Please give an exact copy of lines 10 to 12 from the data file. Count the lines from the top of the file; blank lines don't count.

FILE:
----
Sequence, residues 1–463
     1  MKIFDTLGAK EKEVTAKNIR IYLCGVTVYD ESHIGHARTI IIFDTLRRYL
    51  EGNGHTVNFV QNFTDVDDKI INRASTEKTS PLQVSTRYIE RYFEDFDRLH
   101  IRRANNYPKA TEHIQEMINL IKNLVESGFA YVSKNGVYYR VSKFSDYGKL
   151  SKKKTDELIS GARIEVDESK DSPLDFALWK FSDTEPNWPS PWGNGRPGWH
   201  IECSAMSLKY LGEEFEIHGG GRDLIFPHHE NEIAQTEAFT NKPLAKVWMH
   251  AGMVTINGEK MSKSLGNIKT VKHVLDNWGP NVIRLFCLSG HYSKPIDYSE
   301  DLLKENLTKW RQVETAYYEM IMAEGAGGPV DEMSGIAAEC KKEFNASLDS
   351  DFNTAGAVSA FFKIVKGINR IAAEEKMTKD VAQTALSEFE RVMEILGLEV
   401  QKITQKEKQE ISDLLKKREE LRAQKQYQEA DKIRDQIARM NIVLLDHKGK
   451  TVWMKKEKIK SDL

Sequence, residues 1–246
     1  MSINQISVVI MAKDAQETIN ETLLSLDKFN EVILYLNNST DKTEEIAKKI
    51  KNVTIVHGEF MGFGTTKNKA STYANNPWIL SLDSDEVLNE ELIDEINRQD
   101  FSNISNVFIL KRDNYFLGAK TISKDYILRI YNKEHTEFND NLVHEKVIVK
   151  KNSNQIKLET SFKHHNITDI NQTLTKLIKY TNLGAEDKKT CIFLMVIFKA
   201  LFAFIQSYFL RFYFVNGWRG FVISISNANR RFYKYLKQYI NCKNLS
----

   401  QKITQKEKQE ISDLLKKREE LRAQKQYQEA DKIRDQIARM NIVLLDHKGK
   451  TVWMKKEKIK SDL

Sequence, residues 1–246